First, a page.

Assessing Chemicals Using Partial Order Ranking Methodology
- Pp. 3-35 (33)Lars Carlsen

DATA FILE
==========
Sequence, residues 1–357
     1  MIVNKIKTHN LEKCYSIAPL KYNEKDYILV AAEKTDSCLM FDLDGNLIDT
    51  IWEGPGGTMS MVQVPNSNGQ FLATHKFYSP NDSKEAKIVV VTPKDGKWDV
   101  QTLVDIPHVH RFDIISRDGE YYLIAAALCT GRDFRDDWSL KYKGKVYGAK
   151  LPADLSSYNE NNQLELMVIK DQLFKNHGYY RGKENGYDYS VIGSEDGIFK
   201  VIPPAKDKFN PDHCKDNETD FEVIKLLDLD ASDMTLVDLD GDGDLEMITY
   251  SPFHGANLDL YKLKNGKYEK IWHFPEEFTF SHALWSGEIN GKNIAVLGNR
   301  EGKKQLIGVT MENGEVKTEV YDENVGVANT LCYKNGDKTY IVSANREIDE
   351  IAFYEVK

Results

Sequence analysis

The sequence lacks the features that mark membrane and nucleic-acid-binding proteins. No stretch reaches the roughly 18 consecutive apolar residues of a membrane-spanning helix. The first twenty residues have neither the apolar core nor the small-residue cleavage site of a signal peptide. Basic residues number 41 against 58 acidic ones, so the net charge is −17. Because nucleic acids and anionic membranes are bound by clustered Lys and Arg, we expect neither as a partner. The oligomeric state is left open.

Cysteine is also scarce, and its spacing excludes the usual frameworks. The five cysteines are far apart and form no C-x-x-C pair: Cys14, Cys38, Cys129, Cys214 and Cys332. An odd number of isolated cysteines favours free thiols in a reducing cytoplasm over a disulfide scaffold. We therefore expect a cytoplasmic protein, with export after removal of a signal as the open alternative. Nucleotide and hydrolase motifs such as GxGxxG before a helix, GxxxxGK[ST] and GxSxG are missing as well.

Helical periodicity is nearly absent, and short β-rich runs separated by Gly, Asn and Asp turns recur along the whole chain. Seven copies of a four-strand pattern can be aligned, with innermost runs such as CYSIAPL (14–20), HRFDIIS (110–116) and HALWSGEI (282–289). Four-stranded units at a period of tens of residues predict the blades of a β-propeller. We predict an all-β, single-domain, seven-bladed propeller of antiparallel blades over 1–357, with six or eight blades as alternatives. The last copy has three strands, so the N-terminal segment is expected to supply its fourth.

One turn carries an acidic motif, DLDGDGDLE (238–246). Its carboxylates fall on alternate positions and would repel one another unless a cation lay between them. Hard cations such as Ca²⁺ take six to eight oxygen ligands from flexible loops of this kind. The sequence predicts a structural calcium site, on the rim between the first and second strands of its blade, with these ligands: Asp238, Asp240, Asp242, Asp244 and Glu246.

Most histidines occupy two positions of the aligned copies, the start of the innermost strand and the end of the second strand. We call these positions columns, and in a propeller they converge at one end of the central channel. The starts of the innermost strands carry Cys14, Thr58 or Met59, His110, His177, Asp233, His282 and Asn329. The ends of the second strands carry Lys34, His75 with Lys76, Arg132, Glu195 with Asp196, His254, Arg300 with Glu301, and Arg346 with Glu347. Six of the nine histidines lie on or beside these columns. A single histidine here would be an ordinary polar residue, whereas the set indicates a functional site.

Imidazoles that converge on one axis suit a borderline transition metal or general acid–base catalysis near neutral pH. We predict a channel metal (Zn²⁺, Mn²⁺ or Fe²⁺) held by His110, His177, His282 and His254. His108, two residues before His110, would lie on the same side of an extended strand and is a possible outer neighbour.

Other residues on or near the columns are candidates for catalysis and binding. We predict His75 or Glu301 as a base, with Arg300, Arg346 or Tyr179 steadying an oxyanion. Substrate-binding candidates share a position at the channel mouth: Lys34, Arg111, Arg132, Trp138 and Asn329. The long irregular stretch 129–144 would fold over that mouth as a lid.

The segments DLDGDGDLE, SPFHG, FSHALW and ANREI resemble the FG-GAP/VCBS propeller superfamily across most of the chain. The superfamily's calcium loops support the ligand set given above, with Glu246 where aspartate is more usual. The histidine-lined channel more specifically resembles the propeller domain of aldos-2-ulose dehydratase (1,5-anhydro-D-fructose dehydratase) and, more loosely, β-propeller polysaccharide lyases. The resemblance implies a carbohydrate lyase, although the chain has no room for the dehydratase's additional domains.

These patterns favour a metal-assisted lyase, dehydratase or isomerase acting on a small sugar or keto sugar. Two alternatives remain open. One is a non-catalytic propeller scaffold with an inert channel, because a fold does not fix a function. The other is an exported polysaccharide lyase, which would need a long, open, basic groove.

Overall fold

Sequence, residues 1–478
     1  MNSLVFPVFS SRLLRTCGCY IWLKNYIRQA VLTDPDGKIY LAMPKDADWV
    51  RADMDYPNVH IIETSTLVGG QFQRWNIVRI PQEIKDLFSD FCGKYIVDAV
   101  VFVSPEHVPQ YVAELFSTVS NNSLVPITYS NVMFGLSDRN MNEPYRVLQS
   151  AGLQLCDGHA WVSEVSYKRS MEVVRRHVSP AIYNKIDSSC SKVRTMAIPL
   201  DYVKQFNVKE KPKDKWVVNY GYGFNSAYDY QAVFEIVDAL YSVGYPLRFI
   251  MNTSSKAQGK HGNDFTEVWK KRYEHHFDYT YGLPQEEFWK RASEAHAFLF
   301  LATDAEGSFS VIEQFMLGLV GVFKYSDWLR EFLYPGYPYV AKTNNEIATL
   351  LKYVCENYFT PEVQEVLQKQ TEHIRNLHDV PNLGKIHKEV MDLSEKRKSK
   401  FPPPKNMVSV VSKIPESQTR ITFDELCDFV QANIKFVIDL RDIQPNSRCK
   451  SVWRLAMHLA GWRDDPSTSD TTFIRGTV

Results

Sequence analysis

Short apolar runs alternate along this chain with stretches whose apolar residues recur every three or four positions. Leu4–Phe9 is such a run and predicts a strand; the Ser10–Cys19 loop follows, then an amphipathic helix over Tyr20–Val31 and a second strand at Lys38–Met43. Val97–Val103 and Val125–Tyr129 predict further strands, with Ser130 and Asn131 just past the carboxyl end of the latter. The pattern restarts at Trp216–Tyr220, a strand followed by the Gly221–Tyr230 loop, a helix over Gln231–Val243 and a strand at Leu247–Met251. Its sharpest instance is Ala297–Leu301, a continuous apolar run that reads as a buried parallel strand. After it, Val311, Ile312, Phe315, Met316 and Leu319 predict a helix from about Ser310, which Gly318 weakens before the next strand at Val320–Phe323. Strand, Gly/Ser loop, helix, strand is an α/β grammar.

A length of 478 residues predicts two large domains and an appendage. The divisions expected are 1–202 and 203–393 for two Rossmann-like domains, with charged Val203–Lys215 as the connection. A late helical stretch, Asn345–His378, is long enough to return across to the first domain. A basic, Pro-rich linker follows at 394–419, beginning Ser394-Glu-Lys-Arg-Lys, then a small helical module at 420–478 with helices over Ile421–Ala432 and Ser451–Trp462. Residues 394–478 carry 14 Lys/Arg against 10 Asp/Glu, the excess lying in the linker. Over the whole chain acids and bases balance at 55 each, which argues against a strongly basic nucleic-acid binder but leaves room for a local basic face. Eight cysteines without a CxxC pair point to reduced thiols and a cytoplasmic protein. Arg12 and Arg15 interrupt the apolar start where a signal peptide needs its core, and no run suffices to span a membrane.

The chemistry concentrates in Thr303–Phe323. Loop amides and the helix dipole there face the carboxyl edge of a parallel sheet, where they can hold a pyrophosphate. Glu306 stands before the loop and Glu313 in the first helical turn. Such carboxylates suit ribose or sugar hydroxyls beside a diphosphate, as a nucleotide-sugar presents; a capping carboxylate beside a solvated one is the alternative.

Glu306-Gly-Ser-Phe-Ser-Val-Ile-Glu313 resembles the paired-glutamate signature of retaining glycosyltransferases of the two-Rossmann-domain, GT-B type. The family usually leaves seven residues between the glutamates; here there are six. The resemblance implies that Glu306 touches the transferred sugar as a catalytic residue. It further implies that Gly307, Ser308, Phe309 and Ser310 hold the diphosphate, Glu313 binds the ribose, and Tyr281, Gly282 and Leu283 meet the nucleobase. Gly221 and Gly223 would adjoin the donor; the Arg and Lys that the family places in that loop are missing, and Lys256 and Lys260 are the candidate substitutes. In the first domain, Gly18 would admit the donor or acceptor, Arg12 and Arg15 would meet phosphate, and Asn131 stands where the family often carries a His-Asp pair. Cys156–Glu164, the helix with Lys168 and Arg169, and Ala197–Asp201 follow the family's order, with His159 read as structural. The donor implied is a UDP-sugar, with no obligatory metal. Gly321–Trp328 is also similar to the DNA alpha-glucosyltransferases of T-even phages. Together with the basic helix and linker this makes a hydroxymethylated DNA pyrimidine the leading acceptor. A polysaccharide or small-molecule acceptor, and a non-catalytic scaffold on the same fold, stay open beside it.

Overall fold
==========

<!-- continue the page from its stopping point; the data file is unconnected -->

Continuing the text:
This review summarizes the use of selected partial order ranking (POR) techniques for the assessment of chemicals. Simple partial order ranking may advantageously be applied to give the single chemicals investigated an identity in relation to other substances. Thus, it constitutes an effective tool for the prioritization of chemicals, e.g., based on their PBT (Persistence, Bioaccumulating, Toxicity) characteristics. In more elaborate cases where a larger number of descriptors are taken into account, e.g., comprising physico-chemical characteristics, atmospheric parameters, geospecific factors and possibly socio-economic factors hierarchical partial order ranking (HPOR) may be applied. Thus, in a first ordering step a series of meta-descriptors are generated that later subsequently being used as descriptors in a subsequent ordering. HPOR allows a sensible ranking model even if a relative high number of descriptors are included. Assessing chemicals can, taken the actual situation into account, be based on a variety of parameters/descriptors. Thus, it might be valuable information to know the mutual importance of the applied descriptor. This information may appropriately be retrieved by a sensitivity study applying a designed module in the PyHasse software package. Finally accumulation partial order ranking (APOR) is illustrated. Accumulating partial APOR is a technique where data from a series of individual tests of various characteristics are aggregated, however, maintaining the basics of the partial order ranking methodology. APOR offers prioritization based on mutual probabilities derived from the aggregated data. Alternatively prioritization may be achieved based on average ranks derived from the APOR. The application APOR is demonstrated by an assessment of a series of potential PBT substances. In contrast to simple ranking techniques, partial order ranking does not automatically lead to an absolute rank of the single substances being studied. However, a weak linear order may in all cases be achieved based on the average ranks of the single substances. Additionally ranking probabilities can be derived based on Monte Carlo simulations.